But in the organized spy rings, v^'hose target includes America's top 
secrets, only carefully selected Communists and sympathizers are used. 

Hotv are American Communists recruited for spy rings? 

First of all, every Communist's record is filed in Moscow. When 
Soviet leaders notice an American Communist who seems particularly 
suitable for spy work or is in a good spot to learn American secrets, 
or render some other service, he is marked for the role of a spy. 

Sometimes American leaders recommend a comrade for the work, 
and Moscow checks his record and gives the okay. 

W^hat kind of records does Moscow keep? 

Everything about a person. For instance, his job, education, family, 
acquaintances, finances, politics, criminal record, if any, and personal 
habits. Even such personal things as his ability to hold liquor. Some 
of this information can be used as a club over the individual if he 
threatens to break. 

Are American Communists trained in spy work? 

Not in any formal way. All Party work involves secret, under- 
handed actions so a seasoned Communist could step right into spy 
work when ordered. 

If inexperienced Communists are in a spot to help the spy rings, they 
might be given "special treatment." 

What is this "special treatment"? 

They are invited to join small Communist "study groups" which to 
outsiders appear to be harmless social gatherings or discussion groups. 

Actually, these gatherings are used to teach the "students" blind 
loyalty to the Soviet Union and to get them into a conspiratorial frame 
of mind against the American Government. 



Then what? 

Communist spy agents get progress reports on the "students" and 
when it looks as though they are ready to do anything for the Soviet 
Union, the agents will take them into the spy rings. 

Do these Americans betray their country for money? 

Not all the time. Sometimes when an American Communist enters 
a spy ring, he is shocked if money is offered to him.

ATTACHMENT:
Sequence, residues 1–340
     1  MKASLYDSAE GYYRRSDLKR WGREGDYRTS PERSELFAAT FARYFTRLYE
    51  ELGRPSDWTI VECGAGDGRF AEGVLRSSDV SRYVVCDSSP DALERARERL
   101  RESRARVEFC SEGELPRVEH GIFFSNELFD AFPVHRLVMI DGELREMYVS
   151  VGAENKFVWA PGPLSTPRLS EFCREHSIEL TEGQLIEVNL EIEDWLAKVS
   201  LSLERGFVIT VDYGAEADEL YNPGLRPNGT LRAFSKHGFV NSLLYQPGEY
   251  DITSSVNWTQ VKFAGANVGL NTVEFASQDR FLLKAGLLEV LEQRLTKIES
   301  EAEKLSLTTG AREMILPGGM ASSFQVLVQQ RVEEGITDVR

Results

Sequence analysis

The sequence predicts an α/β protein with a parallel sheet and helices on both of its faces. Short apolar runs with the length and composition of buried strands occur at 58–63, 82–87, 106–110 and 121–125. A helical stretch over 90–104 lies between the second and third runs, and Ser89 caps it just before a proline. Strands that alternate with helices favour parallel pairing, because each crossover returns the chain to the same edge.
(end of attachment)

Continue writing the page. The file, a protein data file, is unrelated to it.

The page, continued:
Russian agents have had to trick some American agents into taking 
rewards. 

What's back of these rewards? 

Useful as blackmail in case a spy gets scared and wants to quit. For 
that reason, spies who receive money are forced to sign receipts which 
are sent to Moscow. 

How can spies be tricked into taking money? 

Usually by giving them lump sums of money for "expenses." 
Then there are "good will" presents such as expensive rugs, which 

four American spies in high U. S. Government jobs received from the 

Soviet Government. 

Is an American ever *' forced" into a spy ring? 

Sometimes. We know of an American in our War Department 
who was scared into stealing secrets because the Russians threatened 
to harm his relatives in Russia. 

Russian agents make a special effort to find out and use Americans 
with close relatives in the Soviet Union. 

Would anyone but a fool be willing to spy for Russia? 

No. But you'll find "fools" in pretty HIGH places. 

Soviet spy rings contain well-educated and able Americans who are 
looked up to by their fellow men. They may be scientists, lawyers, 
professors, writers, Government career workers, and even successful 
businessmen who have been filled with Communist poison. 

Do these spies really know what they're doing? 

Wouldn't you ? 



87652° — 49- 



Well, just how does a spy ring operate? 

Picture a production line. At one end, we have the American spy, 
who is steahng material Russia is interested in. Next, we have the 
"go-between" who receives the material from the spy and passes it on 
to the Russian boss. Then it's headed for Russia. 

Can you give more details? 

Let's take it step by step. 

Suppose the American spy works in the War Department. He 
keeps his eyes and ears open for every bit of information he can learn. 
He goes out of his way to be friendly with others who might know 
something of value. He snoops in the files and records when no one 
is looking. He learns a lot this way, because no one knows he is a spy. 

What happens then? 

Committee investigations have shown that the spy turns his informa- 
tion over to a "go-between" or "courier." Sometimes he tells the 
courier what he has heard ; sometimes he gives him notes, and copies 
of letters or other papers revealing secret plans. Sometimes he even 
steals original records from the Government files and turns them over 
to the courier. 

Just who is this '* courier"? 

A trusted American Communist who acts as messenger for a Russian 
spy boss. This courier picks up information gathered by American 
spies and passes on to them orders from the Russian agent in charge. 

If the Russian had to personally contact all his spies, he would arouse 
suspicion. 

Hotv does the spy get information to the courier? 

They make a date to meet — maybe at a restaurant, a drug store, or the 
home of a Communist. Maybe even in a park or on a street corner. 
There the spy turns over his material and finds out if the Russians want 
any particular job done. The spy knows die courier only by some alias 
such as "Carl" or "Helen." 

Is this the only way? 

No. The spy can mail information to an address of a trusted Com-